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'When did it become the norm to say 'I'll go out with you if you send me a naked pic'?'

Children and technology expert Andy Phippen gives his advice to parents on the issue of sexting.

Image: Shutterstock

THE IDEA OF talking to your 10-year-old child about sexting might seem impossible to most parents – but an expert in children and technology says it’s one of the keys to helping young children stay safe.

Professor Andy Phippen is a Professor of Children and Technology at the Plymouth Business School, and will speak on the topic of ‘Normalising the Unacceptable? Peer-on-peer image sharing, coercion and harm’ at the NOTA (National Organisation for the Treatment of Sex Abusers) Conference today on best practice in combatting online sexual offenders.

Speaking to TheJournal.ie in advance of the conference, he said that legislation on this issue should focus on making sexual and relationship education – carried out by professionals – compulsory in schools, rather than just focusing on mobile providers or technology companies.

In his presentation, Phippen will explore how online technology legitimises and normalises attitudes of young people toward the sexual abuse and harassment of their peers – which creates an environment where offenders may not realise they are offending and victims believe they should just “put up” with the abuse they receive.

He will argue that education is a far more powerful preventative measure than legal or vigilante “solutions”.

Sex offences and selfies

“Most of my stuff is around peer-on-peer abuse, when sexting goes wrong and kids that are using threats of distribution of images to get further images, or worse,” he said. “That throws up a challenge from the classic view of what a sex offender is.”

In the case of a nude selfie, for example, the subject and photographer are the same person. “The victim doesn’t realise they are a victim, and the offender doesn’t realise they are an offender,” said Phippen of many cases.

In his work, Phippen visits schools to talk to young children.

“One of the things I talk about with university and sixth formers is: At what point did it become the norm to say ‘I will go out with you if you send me a pic of you naked’, or ‘here is a picture of my genitals, go out with me’.”

“Most of my work looks at whether technology makes things normal,” he said. “It would be extremely bizarre if [this] was done without technology.”

He said that in the case of, for example, a teen girl who sends a nude photo to a boyfriend who then tries to distribute it, “the last thing she needs to hear is ‘you shouldn’t have done that, should you’ or even worse, ‘you have broken the law, I need to go the police’.”

When he talks about boys possibly being prosecuted for sharing images of their girlfriends, he says that “most teens are amazed – most can’t believe someone will be prosecuted for that kind of thing. They will say what a lad, top banter – that’s their first reaction.”

He puts down this sort of behaviour to “a dearth of sex education for a long time”.

“Of course they are going to be confused,” he says. He points out that often, the children in question haven’t been given any relationship advice, and so think certain behaviour is normal.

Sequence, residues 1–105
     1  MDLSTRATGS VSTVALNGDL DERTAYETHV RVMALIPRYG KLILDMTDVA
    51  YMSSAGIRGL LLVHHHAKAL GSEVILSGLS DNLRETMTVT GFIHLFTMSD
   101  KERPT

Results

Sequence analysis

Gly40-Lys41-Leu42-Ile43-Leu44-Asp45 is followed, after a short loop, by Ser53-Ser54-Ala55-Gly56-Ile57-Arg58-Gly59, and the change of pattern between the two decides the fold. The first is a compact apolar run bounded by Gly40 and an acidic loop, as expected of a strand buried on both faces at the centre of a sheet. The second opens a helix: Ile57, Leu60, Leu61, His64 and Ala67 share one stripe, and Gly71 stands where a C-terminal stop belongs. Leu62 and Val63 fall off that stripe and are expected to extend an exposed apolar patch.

And that’s where it’s more important the victims understand it is unacceptable they [go through this]. They are the victim of sexual crime.

Sex education

He says he does not believe Ireland is far ahead with this conversation – but that the UK isn’t very far ahead itself.

“It’s not a conversation politicians have been having very much,” he says, adding: “Can [they] stop trying to get the mobile companies to sort it out?”

“It’s far easier for a politician to go ‘oh it’s their fault’ rather than we need to have a grown up discussion about relationship education and in schools, and having conversations with primary-age children about consent and boundaries.”

Though it is a difficult conversation to have, Phippen said that if no one talks to children about it, they end up talking to their peers.

“A prohibitive approach is just nonsense, it is extremely irresponsible,” he says. “It should be very much focused around education and sensible advice. Getting kids to realise that if someone did send them an image it’s not their fault.”

Taking nude photos is nothing new, but as Phippen puts it, “it’s far more difficult to distribute 200 copies of a Polaroid image” than share images taken on a mobile phone.

When it comes down to it, Phippen says that “education is the most important thing”, and that parents should start the conversations early.

“Don’t start off with ‘have you seen or sent a dick pic?’” he says. Instead, he advises parents to ask if someone has ever sent the child something they felt was not acceptable, and to tell them it’s OK to say no.

“Have the conversation around consent and respect,” he says. The focus is less on technology and more about education and behaviour.

Children are doing this – what can we do to help them? The best legislation would be around sex and relationships education being compulsory in schools [and carried out by] professionals.

And when it comes to that sexual education, he says “it doesn’t have to be about sexual performance, it can be around consent and boundaries”.

This, he suggests, could also satisfy parents who may have religious concerns around sexual education.

The NOTA conference takes place today at the Holy Cross Diocesan Centre in Dublin.

Read: Opinion: ‘There is a massive avoidance of LGBT+ sex on the curriculum for sex ed’>

Read: We need to create a solution to abortion. Children as young as 8 need to get sex education in school>

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